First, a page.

Farmers Still

Fall 2014

farmers still

at the kitchen table
we cup our hands around coffee mugs
to fight off the chill of fall rains
we talk about late harvest and sprouting swaths
and the whims of marketing boards  money-lenders
and mother nature
we remember past years with bumper crops
and how the north-east quarter always produces
but this year the swaths are under water
and tough as things seem it’s not so bad as Harrisons
after their auction last year they moved to the city
they say they used to lie awake wondering if the old boss cow
made it through the winter   if the brockle-faced heifer
calved on her own
they drive out to check other people’s crops
on land their grandfather homsteaded
stop in at coffee row   talk about the weather
like they were still here
From Maverick Western Verse 1994  Gibbs Smith Publisher

Horses in Snow

They are a gift I have wanted again.

Wanted: One moment in mountains

when winter got so cold

the oil froze before it could burn.

I chopped ferns of hoarfrost from all the windows

and peered up at pines, a wedding cake

by a baker gone mad. Swirls by the thousand

shimmered above me until a cloud

lumbered over a ridge,

bringing the heavier white of more flurries.

I believed, I believed, I believed

it would last, that when you went out

to test the black ice or to dig out a Volkswagon

filled with rich women, you’d return

and we’d sputter like oil,

match after match, warm in the making.

Wisconsin’s flat farmland never approved:

I hid in cornfields far into October,

listening to music that whirled from my thumbprint.

When sunset played havoc with bright leaves of alders,

I never mentioned longing or fear.

I crouched like a good refugee in brown creeks

and forgot why Autumn is harder than Spring.

But snug on the western slope of that mountain

I’d accept every terror, break open seals

to release love’s headwaters to unhurried sunlight.

Weren’t we Big Hearts? Through some trick of silver

we held one another, believing each motion the real one,

ah, lover, why were dark sources bundled up

in our eyes? Each owned an agate,

marbled with anguish, a heart or its echo,

we hardly knew. Lips touching lips,

did that break my horizon

as much as those horses broke my belief?

You drove off and I walked the old road,

scolding the doubles that wanted so much.

The chestnut mare whinnied a cloud into scrub pine.

In a windless corner of a corral,

four horses fit like puzzle pieces.

Their dark eyes and lashes defined by the white.

The colt kicked his hind, loped from the fence.

The mares and a stallion galloped behind,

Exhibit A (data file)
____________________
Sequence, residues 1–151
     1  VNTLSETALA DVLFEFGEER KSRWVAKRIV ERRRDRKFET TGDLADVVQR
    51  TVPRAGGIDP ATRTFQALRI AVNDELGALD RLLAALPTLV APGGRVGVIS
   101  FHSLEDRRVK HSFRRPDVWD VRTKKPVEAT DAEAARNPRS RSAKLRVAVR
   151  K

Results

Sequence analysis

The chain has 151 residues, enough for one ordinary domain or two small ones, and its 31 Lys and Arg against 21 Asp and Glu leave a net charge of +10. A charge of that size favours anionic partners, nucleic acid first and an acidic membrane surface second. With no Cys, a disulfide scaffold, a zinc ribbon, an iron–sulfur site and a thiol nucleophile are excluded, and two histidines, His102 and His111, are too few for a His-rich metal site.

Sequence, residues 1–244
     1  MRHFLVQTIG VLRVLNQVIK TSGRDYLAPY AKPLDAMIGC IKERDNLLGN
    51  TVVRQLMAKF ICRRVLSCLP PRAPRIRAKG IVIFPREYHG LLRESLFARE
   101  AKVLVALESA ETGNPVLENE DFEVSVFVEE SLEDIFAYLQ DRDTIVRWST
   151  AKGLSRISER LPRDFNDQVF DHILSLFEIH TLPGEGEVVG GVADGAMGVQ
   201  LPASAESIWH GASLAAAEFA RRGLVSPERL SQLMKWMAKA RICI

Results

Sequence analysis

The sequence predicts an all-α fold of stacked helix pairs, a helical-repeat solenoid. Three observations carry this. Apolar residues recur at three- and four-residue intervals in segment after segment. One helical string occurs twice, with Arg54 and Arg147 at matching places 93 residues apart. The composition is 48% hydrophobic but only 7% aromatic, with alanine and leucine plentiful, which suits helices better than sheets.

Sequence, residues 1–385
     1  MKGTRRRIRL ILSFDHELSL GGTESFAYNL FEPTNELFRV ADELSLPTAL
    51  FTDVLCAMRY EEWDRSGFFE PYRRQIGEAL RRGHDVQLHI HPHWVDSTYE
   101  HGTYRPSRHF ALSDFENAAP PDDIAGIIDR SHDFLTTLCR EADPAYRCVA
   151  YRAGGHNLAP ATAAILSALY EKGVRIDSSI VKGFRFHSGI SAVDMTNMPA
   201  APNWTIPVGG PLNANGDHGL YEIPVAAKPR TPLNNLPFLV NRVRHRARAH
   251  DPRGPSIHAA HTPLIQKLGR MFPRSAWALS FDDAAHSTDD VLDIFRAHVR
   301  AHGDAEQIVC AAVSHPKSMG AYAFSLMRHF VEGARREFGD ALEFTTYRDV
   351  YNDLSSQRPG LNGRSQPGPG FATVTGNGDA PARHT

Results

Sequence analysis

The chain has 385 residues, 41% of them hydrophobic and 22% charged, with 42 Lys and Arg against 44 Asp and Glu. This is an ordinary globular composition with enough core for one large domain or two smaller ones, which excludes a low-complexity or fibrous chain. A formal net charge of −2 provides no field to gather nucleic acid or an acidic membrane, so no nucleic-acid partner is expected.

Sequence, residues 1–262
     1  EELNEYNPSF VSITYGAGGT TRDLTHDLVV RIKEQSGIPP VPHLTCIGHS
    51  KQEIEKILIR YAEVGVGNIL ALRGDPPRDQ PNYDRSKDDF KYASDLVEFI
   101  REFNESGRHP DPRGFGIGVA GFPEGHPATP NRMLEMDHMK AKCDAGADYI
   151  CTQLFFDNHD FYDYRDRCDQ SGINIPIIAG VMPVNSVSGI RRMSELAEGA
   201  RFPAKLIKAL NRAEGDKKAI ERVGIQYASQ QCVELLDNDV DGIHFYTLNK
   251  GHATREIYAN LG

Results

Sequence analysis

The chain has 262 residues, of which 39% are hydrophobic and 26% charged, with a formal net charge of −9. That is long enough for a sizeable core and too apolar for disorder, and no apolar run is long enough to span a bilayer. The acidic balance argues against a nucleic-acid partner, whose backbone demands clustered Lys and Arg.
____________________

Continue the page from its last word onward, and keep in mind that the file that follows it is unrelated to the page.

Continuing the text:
lifting and leaping, finding each other

in full accord with the earth and their bodies.

No harm ever touched them once they cut loose,

snorting at flurries falling again.

How little our chances for feeling ourselves.

They vanished so quickly—one flick of a tail.

Where do their mountains and moments begin?

I stood a long time in sharpening wind.

By, Roberta Hill Whiteman
Snow Horse


Jan 4th“Again I reply to the triple winds
running chromatic fifths of derision
outside my my window:

Play louder.

You will not succeed. I am
bound more to my sentences
the more you batter at me
to follow you.

And the wind,

as before, fingers perfectly
its derisive music.”

(William Carlos Williams)


The fire in leaf and grass
so green it seems
each summer the last summer.

The wind blowing, the leaves
shivering in the sun,
each day the last day.

A red salamander
so cold and so
easy to catch, dreamily

moves his delicate feet
and long tail. I hold
my hand open for him to go.

Each minute the last minute.

Denise Levertov
Summer 2013 4Smmer 2013 3Summer 2013 2

Where Does The Dance Begin, Where Does It End?

Don’t call this world adorable, or useful, that’s not it.

It’s frisky, and a theater for more than fair winds.
The eyelash of lightning is neither good nor evil.
The struck tree burns like a pillar of gold.
But the blue rain sinks, straight to the white
feet of the trees
whose mouths open.
Doesn’t the wind, turning in circles, invent the dance?
Haven’t the flowers moved, slowly, across Asia, then Europe,
until at last, now, they shine
in your own yard?
April 26 April 25
Don’t call this world an explanation, or even an education.
When the Sufi poet whirled, was he looking
outward, to the mountains so solidly there
in a white-capped ring, or was he looking
to the center of everything: the seed, the egg, the idea
that was also there,
beautiful as a thumb
curved and touching the finger, tenderly,
little love-ring,
as he whirled,
oh jug of breath,

in the garden of dust?

Mary Oliver

Spring (Mary Oliver)


a black bear
has just risen from sleep
and is staring
down the mountain.
All night
in the brisk and shallow restlessness
of early spring
I think of her,
her four black fists
flicking the gravel,
her tongue
like a red fire
touching the grass,
the cold water.
There is only one question:
how to love this world.
I think of her
like a black and leafy ledge
to sharpen her claws against
the silence
of the trees.
Whatever else
my life is
with its poems
and its music
and its cities,
it is also this dazzling darkness
down the mountain,
breathing and tasting;
all day I think of her –
her white teeth,
her wordlessness,
her perfect love.
~ Mary Oliver ~